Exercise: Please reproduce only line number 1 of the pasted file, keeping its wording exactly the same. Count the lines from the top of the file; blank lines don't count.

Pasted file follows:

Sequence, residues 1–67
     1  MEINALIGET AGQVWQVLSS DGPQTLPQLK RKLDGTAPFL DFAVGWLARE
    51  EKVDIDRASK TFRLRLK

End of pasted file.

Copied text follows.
Sequence, residues 1–67